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The impact and inequity of the Tax Parity Act of 1999 are more serious than indicated in Jonetta Rose Barras’ column (Loose Lips, 4/13). Tax parity is a revival of the discredited Reaganomics, similar to the Bush tax-cut plan. According to the latest projections from the chief financial officer, the District will lose about $150 million in revenue this fiscal year, $200 million in fiscal year 2002, and, by the time of full implementation in fiscal year 2004, a cumulative total of nearly $1 billion. About 70 percent to 80 percent of this tax cut will go to wealthy individuals and businesses. As accurately criticized by D.C. Councilmember Adrian Fenty, the tax cut for individuals is a flat percentage of income, not progressive, with about 60 percent of the benefit going to the $89,000-and-above income bracket when fully implemented (Institute on Taxation and Economic Policy study). The business part includes lowering the property-tax rates, but homeowners are excluded.

By a progressive restructuring of our local taxes, we in the District can afford to give tax relief to low- and middle-income residents and also generate the necessary revenue to meet essential needs, which are still being seriously shortchanged in Mayor Anthony A. Williams’ proposed budget for fiscal year 2002. We require funds to fix our schools; provide affordable housing; restore and expand the gutted safety net for our children, the poor, the disabled, and the elderly; and especially provide a full-service D.C. General Hospital and integrated health network. We have been misinformed when our politicians and control board have told us that the District just doesn’t have the tax base to meet these basic needs of our residents. The projected taxable income this year is more than $7 billion for residents making $100,000 and above per year (IRS statistics). The wealthy continue to pay a smaller percentage of their income in local taxes than do people in low- and middle-income brackets, especially because of the federal deduction offset of state income and property taxes utilized by the upper-income brackets. A modest increase in the D.C. income tax rate on the wealthiest bracket would be an effective federal payment to the District by reducing their federal tax payment, and the wealthy would still have a lower overall tax burden than now because of an impending federal tax cut. Progressive tax restructuring will reduce the income gap and “misery index” in the District, with benefit to the wealthy as well as everyone else, by reducing class and racial polarization, and improving the quality of life of all, whatever their income or neighborhood.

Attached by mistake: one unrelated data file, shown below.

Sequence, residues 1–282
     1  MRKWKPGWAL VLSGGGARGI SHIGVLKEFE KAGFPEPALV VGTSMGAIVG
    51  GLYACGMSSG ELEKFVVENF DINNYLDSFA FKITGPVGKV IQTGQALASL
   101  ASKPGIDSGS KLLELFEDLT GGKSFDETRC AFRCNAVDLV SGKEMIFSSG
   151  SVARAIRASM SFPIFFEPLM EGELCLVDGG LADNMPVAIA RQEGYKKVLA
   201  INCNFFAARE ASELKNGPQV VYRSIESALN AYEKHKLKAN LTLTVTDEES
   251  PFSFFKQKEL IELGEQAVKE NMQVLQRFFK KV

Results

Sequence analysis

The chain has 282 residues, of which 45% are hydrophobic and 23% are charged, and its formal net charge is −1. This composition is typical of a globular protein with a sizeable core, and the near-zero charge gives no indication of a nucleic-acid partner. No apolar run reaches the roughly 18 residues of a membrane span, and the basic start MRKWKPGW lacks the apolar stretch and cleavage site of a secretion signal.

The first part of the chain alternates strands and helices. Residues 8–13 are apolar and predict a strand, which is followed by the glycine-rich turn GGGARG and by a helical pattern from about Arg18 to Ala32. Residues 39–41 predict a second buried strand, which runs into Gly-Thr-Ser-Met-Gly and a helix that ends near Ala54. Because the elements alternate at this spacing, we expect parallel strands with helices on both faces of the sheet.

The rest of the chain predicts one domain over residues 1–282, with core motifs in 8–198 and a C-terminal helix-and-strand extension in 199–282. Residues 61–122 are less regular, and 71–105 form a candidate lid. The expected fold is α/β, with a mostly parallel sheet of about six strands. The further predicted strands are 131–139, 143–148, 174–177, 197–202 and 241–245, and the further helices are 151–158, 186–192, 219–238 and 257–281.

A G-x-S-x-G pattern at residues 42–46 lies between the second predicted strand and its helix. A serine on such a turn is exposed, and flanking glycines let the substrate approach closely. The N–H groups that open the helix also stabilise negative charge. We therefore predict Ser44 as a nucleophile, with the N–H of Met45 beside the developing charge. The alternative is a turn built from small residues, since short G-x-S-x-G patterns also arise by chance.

While both the mayor and the D.C. Council are supporting raising the D.C. earned-income tax credit to 25 percent of the federal credit—a step we strongly endorse—they should implement the whole “Fair Taxes for D.C.” plan, which includes repealing the Tax Parity Act of 1999, lowering the regressive sales-tax rate on essentials, and basing our income taxes on the more progressive federal structure—thereby giving real tax relief to the $50,000-and-under bracket. Organizational endorsers include the D.C. Coalition for Housing Justice, the Center for Community Change, the D.C. Statehood Green Party, the Gray Panthers of Metropolitan Washington, and Stand for Our Neighbors. Many community activists and local trade unionists have supported this plan. Elements of this plan have been proposed in the past by councilmembers but have died in committee. Now is the time for the council to act, before the full implementation of the Tax Parity Act.

Campaign for Fair Taxes for D.C.